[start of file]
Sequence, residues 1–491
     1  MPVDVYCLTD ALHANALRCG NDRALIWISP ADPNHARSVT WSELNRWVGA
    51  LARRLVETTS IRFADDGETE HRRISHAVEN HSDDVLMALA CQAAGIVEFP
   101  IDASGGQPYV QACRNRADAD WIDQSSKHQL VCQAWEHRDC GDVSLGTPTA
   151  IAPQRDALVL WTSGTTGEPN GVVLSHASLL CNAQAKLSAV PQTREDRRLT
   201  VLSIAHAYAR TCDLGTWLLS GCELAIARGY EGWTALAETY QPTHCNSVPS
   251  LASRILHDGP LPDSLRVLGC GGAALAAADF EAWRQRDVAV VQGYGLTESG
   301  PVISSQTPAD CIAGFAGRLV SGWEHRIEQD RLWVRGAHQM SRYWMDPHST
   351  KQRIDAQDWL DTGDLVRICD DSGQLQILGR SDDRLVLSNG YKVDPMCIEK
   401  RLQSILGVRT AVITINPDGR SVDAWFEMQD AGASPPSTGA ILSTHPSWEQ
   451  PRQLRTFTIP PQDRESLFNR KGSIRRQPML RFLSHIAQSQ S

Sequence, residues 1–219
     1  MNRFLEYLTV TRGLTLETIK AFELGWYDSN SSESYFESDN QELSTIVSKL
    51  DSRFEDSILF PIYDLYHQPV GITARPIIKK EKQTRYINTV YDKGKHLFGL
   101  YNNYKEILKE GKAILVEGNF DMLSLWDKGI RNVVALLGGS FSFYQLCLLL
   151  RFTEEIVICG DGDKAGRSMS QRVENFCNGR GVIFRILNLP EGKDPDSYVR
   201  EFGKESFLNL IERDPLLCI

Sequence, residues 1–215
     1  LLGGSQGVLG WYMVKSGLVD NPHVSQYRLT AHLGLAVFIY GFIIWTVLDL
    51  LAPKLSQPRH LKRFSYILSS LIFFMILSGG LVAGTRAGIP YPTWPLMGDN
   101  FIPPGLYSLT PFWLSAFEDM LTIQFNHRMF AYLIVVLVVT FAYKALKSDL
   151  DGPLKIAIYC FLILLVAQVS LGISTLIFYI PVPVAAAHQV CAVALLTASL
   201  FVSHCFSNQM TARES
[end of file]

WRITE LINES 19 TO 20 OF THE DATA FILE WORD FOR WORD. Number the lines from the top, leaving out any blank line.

     1  LLGGSQGVLG WYMVKSGLVD NPHVSQYRLT AHLGLAVFIY GFIIWTVLDL
    51  LAPKLSQPRH LKRFSYILSS LIFFMILSGG LVAGTRAGIP YPTWPLMGDN